As for the supporting cast, I knew I wanted a supernatural people who could be both enemies and friends, and there were the Gelpha, just waiting to be discovered. Tiff is one of a small number of people who perceives their true appearance; their metallic hair, gleaming eyes and pointed teeth. Ghosts would not only play a part in solving criminal cases, they would be Tiff’s friends and confidantes, and there were Jack and Mel. For a glimpse into Tiff’s world, I encourage readers to take a look at my fReado page and the BookBuzzr widget, a most marvelous marketing tool for writers. More insights can be found on my web site:


Along Came a Demon was also, for me, an experiment in writing. I used a casual style of writing, the idea being that Tiff is speaking directly to the reader, using her her own words, phrases and pace. Sometimes she cracks jokes or teases the reader. As my education in writing was of the formal type – which stands me in good stead in office work but not when writing a novel – I was constantly telling myself, “No, you can’t write it that way!” then changing it, then changing it again, then blocking out what my brain told me and giving in to gut feeling.


As I am a Brit living in the USA, I also have to pay attention to the difference between American English and British English. One British reader was quite shocked when I described a dress that, “just about covered her fanny,” as that word has different meanings in the USA and UK. On the other hand, when I gave a copy of my little children’s fantasy, Beneath the Oak, to my British nephew, I had to explain it would be better if he read the story to his five year-old son rather than use it to teach the lad to read, because the spelling is American.


And, yes, my husband did read Along Came a demon (when I dropped it in front of him and said, “here, read, or else!”) and he liked it. He also liked the sequel, The Demon Hunters, available from and coming soon to Amazon.

Great entertainment, July 21, 2009 Along Came a Demon is a real page turner. Tiffany, er I guess I should say Tiff, reminded me a bit of Kinsey Millhone. A no bones about it private eye, but at the same time very much her own woman. Intriguing story line, very descriptive, I feel like I almost live in Clarion. I like the genre, and read a great deal of mystery novels, but the metaphysical twist is really fun. Nothing like a Dean Koontz, (He is sometimes to far over the top) but still raised the hair on the back of my neck a few times. Thumbs up!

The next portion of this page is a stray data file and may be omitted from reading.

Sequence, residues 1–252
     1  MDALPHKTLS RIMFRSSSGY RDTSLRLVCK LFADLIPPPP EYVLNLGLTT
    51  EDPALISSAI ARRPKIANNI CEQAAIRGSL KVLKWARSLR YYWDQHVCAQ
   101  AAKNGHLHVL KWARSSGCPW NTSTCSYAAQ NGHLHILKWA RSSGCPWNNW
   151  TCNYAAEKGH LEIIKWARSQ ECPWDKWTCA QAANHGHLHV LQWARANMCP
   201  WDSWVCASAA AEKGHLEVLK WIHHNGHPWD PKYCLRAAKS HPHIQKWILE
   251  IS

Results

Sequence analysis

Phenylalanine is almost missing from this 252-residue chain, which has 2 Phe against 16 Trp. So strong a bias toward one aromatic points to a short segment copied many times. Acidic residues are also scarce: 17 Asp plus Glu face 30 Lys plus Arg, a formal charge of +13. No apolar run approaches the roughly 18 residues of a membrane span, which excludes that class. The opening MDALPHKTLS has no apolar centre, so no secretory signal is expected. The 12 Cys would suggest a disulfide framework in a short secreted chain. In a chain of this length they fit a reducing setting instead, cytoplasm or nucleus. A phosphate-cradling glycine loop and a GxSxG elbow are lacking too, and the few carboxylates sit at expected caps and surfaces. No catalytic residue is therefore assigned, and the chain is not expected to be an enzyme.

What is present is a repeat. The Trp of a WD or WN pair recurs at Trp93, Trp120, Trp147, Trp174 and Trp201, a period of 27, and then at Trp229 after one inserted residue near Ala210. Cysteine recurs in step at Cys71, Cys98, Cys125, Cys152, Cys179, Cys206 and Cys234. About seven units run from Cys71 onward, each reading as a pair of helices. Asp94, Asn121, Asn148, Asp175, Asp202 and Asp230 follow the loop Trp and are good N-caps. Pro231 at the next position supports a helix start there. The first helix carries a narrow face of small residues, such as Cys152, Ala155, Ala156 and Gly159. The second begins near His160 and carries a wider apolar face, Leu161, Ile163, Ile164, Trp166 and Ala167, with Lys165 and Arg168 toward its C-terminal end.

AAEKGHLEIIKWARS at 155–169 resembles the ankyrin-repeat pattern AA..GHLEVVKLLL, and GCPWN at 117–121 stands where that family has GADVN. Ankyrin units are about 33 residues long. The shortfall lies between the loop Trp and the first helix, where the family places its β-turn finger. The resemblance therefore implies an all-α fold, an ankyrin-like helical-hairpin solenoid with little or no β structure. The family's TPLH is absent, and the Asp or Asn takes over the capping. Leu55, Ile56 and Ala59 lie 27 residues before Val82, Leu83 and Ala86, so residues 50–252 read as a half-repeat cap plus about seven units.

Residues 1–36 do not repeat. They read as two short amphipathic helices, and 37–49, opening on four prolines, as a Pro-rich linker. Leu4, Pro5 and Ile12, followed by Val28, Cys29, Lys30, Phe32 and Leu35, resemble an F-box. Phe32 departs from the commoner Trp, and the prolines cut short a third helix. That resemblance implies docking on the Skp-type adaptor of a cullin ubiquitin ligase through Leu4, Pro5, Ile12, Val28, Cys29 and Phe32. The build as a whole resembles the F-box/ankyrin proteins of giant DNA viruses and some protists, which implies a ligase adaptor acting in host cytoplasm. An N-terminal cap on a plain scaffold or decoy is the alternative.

Enjoyable and fast read - I just wish it had been longer, July 1, 2009
By  esm4 (Oakland, CA United States) - See all my reviews
I enjoy paranormals where the lead has psychic abilities that allow them to interact with ghosts so this novella fit the bill nicely. In it, the heroine has somehow in the past acquired the ability to talk to and interact with people who've been violently killed. They hang around as ghosts, but they usually can't move very far from the place where they were killed, so she moves to a smaller town, hoping there won't be as many of them as in the big city. Her psychic ability is a major part of her character and is an important plot device, but it isn't actually the primary focus of the book, The primary plot revolves around her ability to also see "otherworldly beings" that she calls Demons for lack of a better word that appear totally normal to most humans, but are very definitely non-human to her.

This story has a little mystery, a little paranormal fantasy, a little romance - something for everyone. It moves along very fast. There were no dull parts. The author did a good job of setting up her world in a way that explained the basics, yet left you with enough questions that you'd want to keep reading. I definitely want to read her next story in this series (I'm not sure if it's another novella or a full-length book). I just hope it is released in Kindle format (I read this one as a pdf).

Awesome Read, June 26, 2009
By  AuntTrisha "AuntTrisha" (Crown Point, In United States) - See all my reviews
Ok, I thought well I will give it a try. I read paranormal and mystery all the time. This book combined the 2 with a excellence such as authors like Charlaine Harris and MaryJanice Davidson.